39. Norgard B, Puho E, Czeizel AE, Skriver MV, Sorensen HT. Aspirin use during early pregnancy and the risk of congenital abnormalities: a population-based case-control study. Am J Obstet Gynecol (2005) 192(3):922–3. doi:10.1016/j.ajog.2004.10.598
40. Bujold E, Roberge S, Lacasse Y, Bureau M, Audibert F, Marcoux S, et al. Prevention of preeclampsia and intrauterine growth restriction with aspirin started in early pregnancy: a meta-analysis. Obstet Gynecol (2010) 116(2 Pt 1):402–14. doi:10.1097/AOG.0b013e3181e9322a
41. Schisterman EF, Silver RM, Lesher LL, Faraggi D, Wactawski-Wende J, Townsend JM, et al. Preconception low-dose aspirin and pregnancy outcomes: results from the EAGeR randomised trial. Lancet (2014) 384(9937):29–36. doi:10.1016/S0140-6736(14)60157-4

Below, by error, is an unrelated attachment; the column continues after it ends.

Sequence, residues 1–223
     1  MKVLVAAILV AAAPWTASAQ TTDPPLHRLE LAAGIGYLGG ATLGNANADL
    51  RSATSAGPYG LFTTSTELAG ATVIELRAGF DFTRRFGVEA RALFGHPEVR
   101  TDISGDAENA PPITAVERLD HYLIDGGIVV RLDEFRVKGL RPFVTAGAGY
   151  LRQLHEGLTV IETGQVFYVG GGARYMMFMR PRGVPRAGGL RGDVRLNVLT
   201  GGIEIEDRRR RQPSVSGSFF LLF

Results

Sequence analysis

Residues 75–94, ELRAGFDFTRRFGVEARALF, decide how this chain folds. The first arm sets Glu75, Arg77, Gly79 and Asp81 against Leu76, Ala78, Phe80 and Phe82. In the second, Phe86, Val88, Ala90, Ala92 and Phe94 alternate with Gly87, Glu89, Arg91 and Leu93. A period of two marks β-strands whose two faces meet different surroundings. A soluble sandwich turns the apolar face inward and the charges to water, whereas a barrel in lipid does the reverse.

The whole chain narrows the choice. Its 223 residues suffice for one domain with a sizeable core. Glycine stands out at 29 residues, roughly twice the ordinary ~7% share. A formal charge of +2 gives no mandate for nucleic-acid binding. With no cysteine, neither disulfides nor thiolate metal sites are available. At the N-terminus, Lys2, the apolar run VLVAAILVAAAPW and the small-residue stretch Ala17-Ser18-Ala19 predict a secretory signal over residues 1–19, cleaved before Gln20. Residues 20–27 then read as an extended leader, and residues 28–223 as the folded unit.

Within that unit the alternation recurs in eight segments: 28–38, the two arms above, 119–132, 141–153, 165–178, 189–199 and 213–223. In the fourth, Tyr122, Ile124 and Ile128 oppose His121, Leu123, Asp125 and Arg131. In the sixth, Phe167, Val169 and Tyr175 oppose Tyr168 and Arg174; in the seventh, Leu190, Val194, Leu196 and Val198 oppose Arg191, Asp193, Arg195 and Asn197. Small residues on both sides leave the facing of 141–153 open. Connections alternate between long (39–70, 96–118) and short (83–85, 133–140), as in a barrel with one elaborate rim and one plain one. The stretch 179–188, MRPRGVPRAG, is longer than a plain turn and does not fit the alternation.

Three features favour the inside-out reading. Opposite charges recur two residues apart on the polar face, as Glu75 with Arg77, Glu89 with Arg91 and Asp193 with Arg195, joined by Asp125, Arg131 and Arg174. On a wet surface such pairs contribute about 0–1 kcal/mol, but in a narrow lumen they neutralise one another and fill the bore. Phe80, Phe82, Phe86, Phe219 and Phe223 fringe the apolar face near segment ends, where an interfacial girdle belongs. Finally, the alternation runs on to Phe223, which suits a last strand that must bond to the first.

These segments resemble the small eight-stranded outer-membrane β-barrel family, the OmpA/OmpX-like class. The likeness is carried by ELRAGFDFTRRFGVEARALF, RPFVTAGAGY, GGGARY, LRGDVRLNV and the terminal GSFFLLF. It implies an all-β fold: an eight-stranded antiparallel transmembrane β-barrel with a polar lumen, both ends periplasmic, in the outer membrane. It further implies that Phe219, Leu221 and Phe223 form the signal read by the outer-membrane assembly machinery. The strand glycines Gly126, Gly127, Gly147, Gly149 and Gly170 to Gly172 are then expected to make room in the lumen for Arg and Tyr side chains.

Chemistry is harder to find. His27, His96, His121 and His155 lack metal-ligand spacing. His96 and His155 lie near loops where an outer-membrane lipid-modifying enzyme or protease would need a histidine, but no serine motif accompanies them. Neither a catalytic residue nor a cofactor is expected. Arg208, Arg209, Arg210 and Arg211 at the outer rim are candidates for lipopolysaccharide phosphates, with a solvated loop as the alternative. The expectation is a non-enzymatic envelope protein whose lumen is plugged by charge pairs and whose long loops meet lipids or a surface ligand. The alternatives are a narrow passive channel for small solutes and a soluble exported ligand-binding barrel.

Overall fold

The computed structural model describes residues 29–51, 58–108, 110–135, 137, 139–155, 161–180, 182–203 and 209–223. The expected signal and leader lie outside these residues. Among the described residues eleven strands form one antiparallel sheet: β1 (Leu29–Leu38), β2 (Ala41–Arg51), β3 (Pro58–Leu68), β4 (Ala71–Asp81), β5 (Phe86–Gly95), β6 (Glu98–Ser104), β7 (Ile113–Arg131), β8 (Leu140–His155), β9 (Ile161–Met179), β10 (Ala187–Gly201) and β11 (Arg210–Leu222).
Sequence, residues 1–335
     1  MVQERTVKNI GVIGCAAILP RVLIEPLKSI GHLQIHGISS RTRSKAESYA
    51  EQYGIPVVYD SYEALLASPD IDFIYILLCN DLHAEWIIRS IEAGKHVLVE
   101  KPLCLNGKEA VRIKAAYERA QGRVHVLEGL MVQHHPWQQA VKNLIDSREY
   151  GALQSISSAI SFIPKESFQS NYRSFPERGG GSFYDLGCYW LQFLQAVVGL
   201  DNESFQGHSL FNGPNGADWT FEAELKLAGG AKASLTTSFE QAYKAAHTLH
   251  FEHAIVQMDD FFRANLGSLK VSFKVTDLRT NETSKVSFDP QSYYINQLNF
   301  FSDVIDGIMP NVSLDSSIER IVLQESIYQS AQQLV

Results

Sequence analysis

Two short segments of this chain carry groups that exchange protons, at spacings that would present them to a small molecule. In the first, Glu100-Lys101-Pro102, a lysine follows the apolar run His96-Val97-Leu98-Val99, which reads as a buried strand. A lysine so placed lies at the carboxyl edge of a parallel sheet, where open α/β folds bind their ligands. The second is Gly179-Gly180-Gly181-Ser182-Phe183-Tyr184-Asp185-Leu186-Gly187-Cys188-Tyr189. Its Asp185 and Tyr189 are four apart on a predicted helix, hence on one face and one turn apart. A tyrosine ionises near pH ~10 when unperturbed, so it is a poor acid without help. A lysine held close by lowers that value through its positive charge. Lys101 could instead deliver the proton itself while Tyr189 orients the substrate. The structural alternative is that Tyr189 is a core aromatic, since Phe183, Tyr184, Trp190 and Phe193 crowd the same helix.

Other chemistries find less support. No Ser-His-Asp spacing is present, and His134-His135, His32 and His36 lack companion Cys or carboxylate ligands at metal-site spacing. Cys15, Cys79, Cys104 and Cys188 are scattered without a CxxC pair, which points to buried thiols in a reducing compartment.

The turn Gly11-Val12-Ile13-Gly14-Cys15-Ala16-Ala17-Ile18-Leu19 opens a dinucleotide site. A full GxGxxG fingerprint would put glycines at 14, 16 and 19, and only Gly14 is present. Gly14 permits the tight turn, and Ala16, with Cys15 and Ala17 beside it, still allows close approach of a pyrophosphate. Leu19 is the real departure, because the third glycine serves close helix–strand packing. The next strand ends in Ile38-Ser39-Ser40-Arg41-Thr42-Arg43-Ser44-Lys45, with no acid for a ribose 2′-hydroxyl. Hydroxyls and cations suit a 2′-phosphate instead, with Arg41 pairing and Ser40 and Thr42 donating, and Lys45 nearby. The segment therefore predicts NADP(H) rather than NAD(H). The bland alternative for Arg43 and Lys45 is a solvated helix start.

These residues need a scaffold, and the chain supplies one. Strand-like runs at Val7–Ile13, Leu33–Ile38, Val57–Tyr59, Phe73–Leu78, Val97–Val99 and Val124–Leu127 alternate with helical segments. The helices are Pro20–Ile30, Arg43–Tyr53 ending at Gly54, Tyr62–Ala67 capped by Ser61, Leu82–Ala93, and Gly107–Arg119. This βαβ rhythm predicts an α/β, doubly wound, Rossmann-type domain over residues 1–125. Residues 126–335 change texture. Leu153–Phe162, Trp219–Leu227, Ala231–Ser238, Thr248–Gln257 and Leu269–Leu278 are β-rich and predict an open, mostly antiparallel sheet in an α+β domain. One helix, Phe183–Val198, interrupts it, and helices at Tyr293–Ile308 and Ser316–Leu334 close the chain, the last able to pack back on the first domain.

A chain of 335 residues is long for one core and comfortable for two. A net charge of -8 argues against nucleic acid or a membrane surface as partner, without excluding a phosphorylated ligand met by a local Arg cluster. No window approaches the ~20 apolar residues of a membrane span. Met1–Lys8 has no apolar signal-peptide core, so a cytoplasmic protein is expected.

43. Miyakis S, Lockshin MD, Atsumi T, Branch DW, Brey RL, Cervera R, et al. International consensus statement on an update of the classification criteria for definite antiphospholipid syndrome (APS). J Thromb Haemost (2006) 4(2):295–306. doi:10.1111/j.1538-7836.2006.01753.x
44. La Rosa L, Meroni PL, Tincani A, Balestrieri G, Faden D, Lojacono A, et al. Beta 2 glycoprotein I and placental anticoagulant protein I in placentae from patients with antiphospholipid syndrome. J Rheumatol (1994) 21(9):1684–93.
45. Girardi G, Berman J, Redecha P, Spruce L, Thurman JM, Kraus D, et al. Complement C5a receptors and neutrophils mediate fetal injury in the antiphospholipid syndrome. J Clin Invest (2003) 112(11):1644–54. doi:10.1172/JCI18817
47. Di Simone N, Ferrazzani S, Castellani R, De Carolis S, Mancuso S, Caruso A. Heparin and low-dose aspirin restore placental human chorionic gonadotrophin secretion abolished by antiphospholipid antibody-containing sera. Hum Reprod (1997) 12(9):2061–5. doi:10.1093/humrep/12.9.2061